Although Eurocontrol forecasts growth rates to recover from 2014, it does not see these growth rates returning to their long term average of around 4% p.a. Moreover, after five years of negative or below average growth rates, the number of flights is not forecast to return to its pre-2009 long term trend.

Flights in Europe and flight growth 1960 to 2012 and Eurocontrol forecast 2013 to 2019

Airport constraints and high speed rail will dampen growth in flights

Although GDP growth is the fundamental driver of air traffic growth, there are infrastructure-related factors that will limit the increase in flights, including airport capacity and competition from high speed rail. Airport capacity constraints (mainly in Norway, UK, France, Switzerland and Germany, according to Eurocontrol) will reduce the number of flights by around 135,000 flights by 2019, a 1.2% reduction in growth over 2012-2019.

Eurocontrol estimates that competition from expanding high speed rail networks across Europe will reduce flight growth by just 0.4% over the period to 2019, but the effects will vary significantly by country.

Turkey will be the biggest loser to high speed rail in terms of the absolute number of flights and the percentage of flights, with Germany in second by absolute number of flights lost to rail competition, according to Eurocontrol. By contrast, air traffic in Switzerland and the UK will be relatively untouched by high speed rail.

Impact of high speed rail: reduction in flight departures 2019

Country

Change in departures
(‘000) 2019

Percentage of
2019 flights

France

3.7

0.3%

Germany

13.8

1.1%

Netherlands

3.7

1.2%

Spain

2.1

0.3%

Switzerland

0.3*

0.1%*

Turkey

24.9

2.7%

UK

0.7

0.1%

ESRA08

44.9

0.4%

LCCs to make further gains in market share

Eurocontrol forecasts that LCCs will increase their share of flights in almost every country by 2019, with the biggest market share gains predicted to be in Eastern and Central European countries. Among the major western countries, it sees very little increase in LCC share in the UK and Spain, where penetration is already very high at 47% and 54% respectively.

By contrast, Germany (30% LCC flight penetration) offers an additional 6ppt of market share for LCCs by 2019 in the view of Eurocontrol. France, the least penetrated major European market by LCCs, is forecast to offer an increase of 4ppt to 25% by 2019.

LCC share of flights by market 2012 and forecast under Eurocontrol base case 2019

Load factor gains forecast to continue, albeit at a slower pace

One of the results of weak growth in flight numbers in recent years has been an increase in load factors and Eurocontrol expects this rising trend to continue to 2019. Its high traffic growth case sees lower load factors in 2019 than its base case, while its lower traffic growth case sees higher load factors. This reflects its assumption that strong demand conditions will see airlines add flights more rapidly and dilute load factor improvements (and vice versa).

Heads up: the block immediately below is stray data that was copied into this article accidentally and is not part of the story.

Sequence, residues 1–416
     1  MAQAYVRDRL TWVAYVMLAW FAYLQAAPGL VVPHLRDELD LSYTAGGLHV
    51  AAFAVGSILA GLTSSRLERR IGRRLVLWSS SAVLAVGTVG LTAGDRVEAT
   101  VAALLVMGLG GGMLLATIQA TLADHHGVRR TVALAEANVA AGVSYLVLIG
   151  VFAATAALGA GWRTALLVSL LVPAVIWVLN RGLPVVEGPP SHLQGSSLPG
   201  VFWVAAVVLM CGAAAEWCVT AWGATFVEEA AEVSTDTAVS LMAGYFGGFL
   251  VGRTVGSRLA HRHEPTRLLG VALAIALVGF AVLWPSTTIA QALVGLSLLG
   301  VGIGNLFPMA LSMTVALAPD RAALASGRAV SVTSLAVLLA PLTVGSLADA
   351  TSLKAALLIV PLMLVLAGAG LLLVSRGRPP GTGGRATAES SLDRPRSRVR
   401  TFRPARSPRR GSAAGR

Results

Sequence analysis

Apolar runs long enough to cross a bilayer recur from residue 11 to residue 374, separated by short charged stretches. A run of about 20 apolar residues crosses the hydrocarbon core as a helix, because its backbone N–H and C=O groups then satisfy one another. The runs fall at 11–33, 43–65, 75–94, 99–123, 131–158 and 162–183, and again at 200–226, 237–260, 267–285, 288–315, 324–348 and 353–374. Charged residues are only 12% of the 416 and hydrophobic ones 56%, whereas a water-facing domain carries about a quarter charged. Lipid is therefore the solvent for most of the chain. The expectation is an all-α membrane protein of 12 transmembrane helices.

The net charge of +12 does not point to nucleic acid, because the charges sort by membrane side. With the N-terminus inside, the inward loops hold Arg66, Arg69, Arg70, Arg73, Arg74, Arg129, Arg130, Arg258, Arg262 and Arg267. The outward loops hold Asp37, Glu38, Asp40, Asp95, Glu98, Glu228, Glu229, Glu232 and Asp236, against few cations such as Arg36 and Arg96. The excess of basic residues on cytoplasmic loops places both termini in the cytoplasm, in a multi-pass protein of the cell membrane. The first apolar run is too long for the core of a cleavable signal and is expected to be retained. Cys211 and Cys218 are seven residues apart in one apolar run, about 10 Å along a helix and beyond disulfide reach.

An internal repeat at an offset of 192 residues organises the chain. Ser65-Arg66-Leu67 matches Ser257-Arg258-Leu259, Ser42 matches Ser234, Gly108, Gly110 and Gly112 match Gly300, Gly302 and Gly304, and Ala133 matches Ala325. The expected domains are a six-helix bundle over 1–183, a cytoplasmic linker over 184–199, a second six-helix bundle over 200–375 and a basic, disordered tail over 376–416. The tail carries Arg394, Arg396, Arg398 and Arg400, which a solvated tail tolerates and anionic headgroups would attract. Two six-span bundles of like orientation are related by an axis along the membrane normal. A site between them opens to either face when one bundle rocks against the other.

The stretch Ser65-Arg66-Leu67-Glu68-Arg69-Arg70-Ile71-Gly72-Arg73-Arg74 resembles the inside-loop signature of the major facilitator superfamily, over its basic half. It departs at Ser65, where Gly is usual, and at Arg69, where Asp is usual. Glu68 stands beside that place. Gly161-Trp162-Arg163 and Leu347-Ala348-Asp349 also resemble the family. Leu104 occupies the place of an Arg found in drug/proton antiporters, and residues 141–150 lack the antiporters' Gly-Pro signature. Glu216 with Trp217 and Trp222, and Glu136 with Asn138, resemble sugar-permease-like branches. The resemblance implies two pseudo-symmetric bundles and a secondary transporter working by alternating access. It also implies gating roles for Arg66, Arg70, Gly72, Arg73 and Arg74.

In all three scenarios, it sees 2019 load factors being higher than in 2012. However, load factors are already at historically high levels and further improvements are likely to be at a slower pace. This could be a driver of faster growth in flight numbers.

Load factors have been highest on long-haul, particularly on the Atlantic and routes to Asia/Pacific destinations and this is forecast to continue.

Load factors by traffic region 2000 to 2012 and Eurocontrol forecast 2019

Flights to non-European destinations will see highest growth rates

Internal flights within Europe are by far the most important category, accounting for 79% of flights in 2012. However, this has fallen from 81% in 2008 and is forecast to fall further, to 76% in 2019. Flights that arrive or depart in Europe accounted for 20% of flights in 2012, forecast to grow to 23% in 2019, while overflights were just over 1% in 2012 (forecast for 2019 to be almost 2%). For airlines with operations in Europe, the message is that growth rates will be stronger for flights outside Europe than within Europe.

Flight numbers (‘000) on main flow categories in Europe 2008, 2012 and forecast 2019 under Eurocontrol base case

Compound average annual growth in flight numbers on main flow categories in Europe 2012/2008 and forecast 2019/2012 under Eurocontrol base case

Risks to the Eurocontrol forecasts: a long list

Eurocontrol cautions that there are both upside and downside risks to its forecasts and these are reflected in the high case and low case forecasts.

These risks principally relate to economic forecast and the stability of the Eurozone; potential industrial unrest; the ability (or otherwise) of further load factor gains to absorb passenger growth; geopolitical events and changing tourism trends affecting airline schedules; oil prices affecting air fares and demand; the impact of the European Emissions Trading Scheme and other regulatory measures.